There’s new evidence that a healthy lifestyle can reduce risk of heart disease in women with breast cancer – a central theme of the new Being Well Festival, which launches this Autumn in Coventry.
Breast cancer patients have a higher risk of cardiovascular complications during and after cancer treatment from chemotherapy and radiation therapy, which can be exacerbated by obesity and sedentary lifestyles.
However clinical trials with 100 sedentary, obese women breast cancer stage I-III survivors, undertaken by the University of Southern California (USC), showed that patients who participated in a 16-week exercise programme had a significantly reduced risk of developing cardiovascular disease.
"The main cause of mortality in women diagnosed with early-stage breast cancer is heart disease," said Kyuwan Lee, doctoral student at the University of Southern California (USC) told The Independent this week (2 April 2019), noting that prescribed exercise is not considered standard care currently.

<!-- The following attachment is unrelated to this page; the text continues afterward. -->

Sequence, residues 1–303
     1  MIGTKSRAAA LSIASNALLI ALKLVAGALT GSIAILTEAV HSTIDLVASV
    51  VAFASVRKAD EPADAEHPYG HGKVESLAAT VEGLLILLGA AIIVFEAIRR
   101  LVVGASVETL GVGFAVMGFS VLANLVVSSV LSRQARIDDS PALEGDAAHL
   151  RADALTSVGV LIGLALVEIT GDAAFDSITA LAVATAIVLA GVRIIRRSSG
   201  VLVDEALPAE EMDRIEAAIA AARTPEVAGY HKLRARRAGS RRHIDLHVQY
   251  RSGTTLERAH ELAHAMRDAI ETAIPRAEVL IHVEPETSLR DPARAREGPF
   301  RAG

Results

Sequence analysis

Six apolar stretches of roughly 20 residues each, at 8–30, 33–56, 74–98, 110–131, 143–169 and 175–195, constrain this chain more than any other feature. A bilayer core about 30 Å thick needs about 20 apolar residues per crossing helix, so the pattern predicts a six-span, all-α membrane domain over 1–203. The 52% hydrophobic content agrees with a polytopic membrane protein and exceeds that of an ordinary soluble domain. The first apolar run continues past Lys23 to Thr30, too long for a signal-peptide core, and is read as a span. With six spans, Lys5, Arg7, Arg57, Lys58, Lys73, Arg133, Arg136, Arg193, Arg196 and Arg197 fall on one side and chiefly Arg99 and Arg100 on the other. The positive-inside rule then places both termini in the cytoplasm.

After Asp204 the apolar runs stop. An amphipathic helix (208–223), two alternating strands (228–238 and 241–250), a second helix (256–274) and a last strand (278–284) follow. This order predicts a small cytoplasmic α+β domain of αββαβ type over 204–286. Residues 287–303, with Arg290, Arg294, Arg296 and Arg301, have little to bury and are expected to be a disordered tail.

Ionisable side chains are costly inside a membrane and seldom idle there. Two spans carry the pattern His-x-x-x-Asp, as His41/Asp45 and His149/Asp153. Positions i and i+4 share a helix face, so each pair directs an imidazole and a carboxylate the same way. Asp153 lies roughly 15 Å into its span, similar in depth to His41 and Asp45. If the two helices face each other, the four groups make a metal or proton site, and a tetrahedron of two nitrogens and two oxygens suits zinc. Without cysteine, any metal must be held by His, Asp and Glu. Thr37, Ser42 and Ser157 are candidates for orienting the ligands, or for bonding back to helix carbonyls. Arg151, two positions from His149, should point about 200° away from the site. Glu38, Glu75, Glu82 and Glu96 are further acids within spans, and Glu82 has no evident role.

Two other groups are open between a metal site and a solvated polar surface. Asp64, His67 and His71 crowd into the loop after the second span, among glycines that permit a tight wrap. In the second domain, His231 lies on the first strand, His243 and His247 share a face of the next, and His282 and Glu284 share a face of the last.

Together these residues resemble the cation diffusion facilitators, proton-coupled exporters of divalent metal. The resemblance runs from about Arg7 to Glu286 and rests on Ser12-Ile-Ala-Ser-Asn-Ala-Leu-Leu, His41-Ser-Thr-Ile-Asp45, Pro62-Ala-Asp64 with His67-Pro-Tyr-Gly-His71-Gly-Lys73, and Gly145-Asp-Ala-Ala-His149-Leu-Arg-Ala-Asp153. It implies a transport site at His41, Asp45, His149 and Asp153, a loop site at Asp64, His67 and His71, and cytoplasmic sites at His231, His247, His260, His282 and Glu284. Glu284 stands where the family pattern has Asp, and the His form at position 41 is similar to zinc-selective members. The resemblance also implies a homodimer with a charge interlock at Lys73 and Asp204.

"We hope that this study shows the importance of exercise in reducing the risk of heart disease to emphasise the need to integrate exercise into clinical practice for cancer patients," he added.
The Being Well Festival, which takes place at the Ricoh Arena, Coventry, on 24 October 2019, in association with Breast Cancer Haven, is a brand new wellness event promoting happier, healthier lives.
Packed with activities, taster sessions and inspiration for healthy eating, exercise and wellbeing, the Being Well Festival is free to attend and will help you on your own journey to better health - whether you are experiencing breast cancer or not.
Get your tickets or register interest as a supporter: